When it comes to Yellowstone National Park, most people think of wide open spaces, geysers and wildlife, which is both accurate and awesome. But if you dig a little deeper, you’ll find an amazing ecosystem and a rich history found only in this park.
Stop by one of the many museums in and around Yellowstone for more information, but for now, here are 15 Yellowstone National Park facts to whet your appetite.
The First National Park
Yellowstone was North America’s first national park. On March 1, 1872, Ulysses S. Grant, the 18th president of the United States, signed the bill to protect this important land.
Yellowstone is Huge
Yellowstone National Park spans roughly 2 million acres, that’s larger than Rhode Island and Delaware combined.
Yes, It's a Volcano
The largest supervolcano in the United States, the Yellowstone Caldera, is a 30 by 45 mile oval. Although it’s an active volcano, it last erupted more than 640,000 years ago. You may have heard that the Yellowstone Caldera is overdue for a cataclysmic eruption, but don’t worry: the Yellowstone Volcano Observatory has officially issued a statement after an in-depth study of the caldera, saying “Contrary to some media reports, Yellowstone is not 'overdue' for a super eruption.”
Geysers, Geysers Everywhere
Yellowstone is the largest geyser field on earth, home to more than half of the geysers in the world!
That's a Lot of Butterflies
There are 134 species of butterflies in Yellowstone, some are so rare they are only found in the Yellowstone ecosystem.
And a lot of Animals
Butterflies aside, Yellowstone is also home to:
67 species of mammals, including: seven species of native ungulates (such as elk, bison, deer, and antelope) and two species of bears, as well as:
- 285 species of birds
- 16 species of fish
- 5 species of amphibians
- 6 species of reptiles
- 2 threatened species: Canada lynx and grizzly bears
Talk About Temperature Swings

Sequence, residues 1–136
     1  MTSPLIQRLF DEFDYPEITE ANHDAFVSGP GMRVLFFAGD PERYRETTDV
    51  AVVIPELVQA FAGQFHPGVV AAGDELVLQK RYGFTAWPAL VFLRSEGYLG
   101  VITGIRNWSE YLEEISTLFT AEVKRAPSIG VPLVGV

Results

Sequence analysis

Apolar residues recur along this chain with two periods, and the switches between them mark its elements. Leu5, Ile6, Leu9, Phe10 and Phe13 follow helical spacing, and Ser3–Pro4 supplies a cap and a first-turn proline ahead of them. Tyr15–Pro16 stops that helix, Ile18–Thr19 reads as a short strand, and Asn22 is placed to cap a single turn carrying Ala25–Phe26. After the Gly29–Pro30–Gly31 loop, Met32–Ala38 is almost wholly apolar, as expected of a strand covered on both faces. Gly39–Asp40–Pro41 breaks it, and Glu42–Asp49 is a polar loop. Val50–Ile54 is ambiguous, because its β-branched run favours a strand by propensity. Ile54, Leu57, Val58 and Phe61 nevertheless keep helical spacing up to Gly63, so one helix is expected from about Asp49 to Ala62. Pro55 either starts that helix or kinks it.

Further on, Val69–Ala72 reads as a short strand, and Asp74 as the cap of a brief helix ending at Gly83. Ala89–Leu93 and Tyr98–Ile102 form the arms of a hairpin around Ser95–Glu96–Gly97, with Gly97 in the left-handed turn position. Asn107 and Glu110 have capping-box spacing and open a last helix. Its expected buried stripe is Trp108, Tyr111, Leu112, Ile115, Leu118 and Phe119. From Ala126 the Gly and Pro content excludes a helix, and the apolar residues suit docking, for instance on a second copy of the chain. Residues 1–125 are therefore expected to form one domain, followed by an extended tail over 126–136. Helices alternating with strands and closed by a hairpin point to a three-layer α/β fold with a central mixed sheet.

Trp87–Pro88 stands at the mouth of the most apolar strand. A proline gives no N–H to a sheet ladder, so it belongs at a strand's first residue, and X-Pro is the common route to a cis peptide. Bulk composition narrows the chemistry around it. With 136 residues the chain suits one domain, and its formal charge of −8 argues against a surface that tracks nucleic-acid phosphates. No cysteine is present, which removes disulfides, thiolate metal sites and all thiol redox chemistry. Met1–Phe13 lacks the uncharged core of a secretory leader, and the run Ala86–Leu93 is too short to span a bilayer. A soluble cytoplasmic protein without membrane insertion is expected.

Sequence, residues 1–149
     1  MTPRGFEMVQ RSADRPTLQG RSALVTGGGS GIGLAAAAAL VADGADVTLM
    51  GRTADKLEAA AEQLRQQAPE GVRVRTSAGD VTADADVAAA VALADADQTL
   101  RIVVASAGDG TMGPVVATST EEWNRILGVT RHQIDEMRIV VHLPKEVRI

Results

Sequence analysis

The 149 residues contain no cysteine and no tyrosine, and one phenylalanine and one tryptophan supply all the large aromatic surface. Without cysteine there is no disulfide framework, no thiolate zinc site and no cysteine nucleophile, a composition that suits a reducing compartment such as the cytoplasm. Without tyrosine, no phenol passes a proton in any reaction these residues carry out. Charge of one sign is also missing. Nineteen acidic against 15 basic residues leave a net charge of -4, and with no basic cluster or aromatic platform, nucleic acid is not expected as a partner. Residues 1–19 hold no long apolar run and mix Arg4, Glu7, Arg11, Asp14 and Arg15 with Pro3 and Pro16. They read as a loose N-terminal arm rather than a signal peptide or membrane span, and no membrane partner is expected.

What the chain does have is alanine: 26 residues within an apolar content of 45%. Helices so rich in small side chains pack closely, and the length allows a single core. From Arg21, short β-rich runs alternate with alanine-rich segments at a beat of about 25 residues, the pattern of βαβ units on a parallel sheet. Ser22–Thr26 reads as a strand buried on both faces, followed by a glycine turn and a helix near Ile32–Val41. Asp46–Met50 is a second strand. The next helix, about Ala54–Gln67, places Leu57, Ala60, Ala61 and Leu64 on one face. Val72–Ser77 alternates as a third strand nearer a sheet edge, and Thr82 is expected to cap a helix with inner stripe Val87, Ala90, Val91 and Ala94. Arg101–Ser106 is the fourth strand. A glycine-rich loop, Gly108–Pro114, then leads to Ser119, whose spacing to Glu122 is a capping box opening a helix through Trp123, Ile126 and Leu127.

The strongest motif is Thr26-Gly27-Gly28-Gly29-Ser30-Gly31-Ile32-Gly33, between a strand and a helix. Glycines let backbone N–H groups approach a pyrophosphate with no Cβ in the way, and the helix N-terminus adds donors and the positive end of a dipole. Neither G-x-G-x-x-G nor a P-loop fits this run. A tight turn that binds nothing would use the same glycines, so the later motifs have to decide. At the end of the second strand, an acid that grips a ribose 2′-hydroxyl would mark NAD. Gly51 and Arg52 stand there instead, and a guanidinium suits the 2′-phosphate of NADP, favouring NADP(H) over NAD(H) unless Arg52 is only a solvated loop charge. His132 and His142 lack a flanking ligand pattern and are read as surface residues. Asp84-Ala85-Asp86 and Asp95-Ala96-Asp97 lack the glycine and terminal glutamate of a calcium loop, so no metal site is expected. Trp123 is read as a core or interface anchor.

Yellowstone’s temperature highs and lows can go from burning hot to freezing cold. The record low temperature in the park is -66ºF (–54ºC) in 1933 (West Entrance, Riverside Station). The record high is 99ºF (37ºC) in 2002 (Mammoth).
Roosevelt Arch, the monumental entrance, is named after President Theodore Roosevelt, who was one of the nation’s leading conservationists. Roosevelt placed the cornerstone for the arch while vacationing in Yellowstone.
Don't Miss These Geysers
The iconic Old Faithful geyser erupts on average every 92 minutes. Though the most reliable, it’s not the tallest. Steamboat Geyser, in Norris Geyser Basin (also in Yellowstone), is the world's tallest active geyser. Its major eruptions shoot water more than 300 feet into the air.
Yellowstone is Old
When the park was established, Wyoming, Idaho, and Montana were not yet states.
Oh, Give Me a Home...
Yellowstone is home to the largest herd of free-roaming bison in the world, dating back to pre-historic times.
Shake, Rattle, and Roll
There are 1,000-3,000 earthquakes annually in Yellowstone, but most are too small to feel. The earthquakes help maintain the hydrothermal activity in the geysers and springs by keeping the conduits providing hot water from becoming sealed with mineral deposits.
All The Way to the Gulf of Mexico
Yellowstone River is the longest, undammed river in the United States. It spans 672 miles and first flows into the Missouri River and eventually the Gulf of Mexico.
The Largest Natural Lake
Yellowstone Lake is the biggest natural lake at a high elevation (above 7,000 ft) in North America: 132 miles of surface area and 140 miles of shoreline at 7,732 feet above sea level. It is also home to the largest population of wild cutthroat trout in North America.
Finally, Yellowstone National Park has been seeing a resurgence in popularity lately. 2016 exceeded visitation records with 4,257,177 people coming to the park. Help break this record in 2017!
Yellowstone National Park is an iconic destination that offers sights, sounds, and experiences all against the backdrop of a unique ecosystem and rich history. These 15 Yellowstone National Park facts are just the tip of the iceberg. There's no better time to visit Yellowstone than now, so start planning your trip, and be sure to stop in to see us here in Bozeman.
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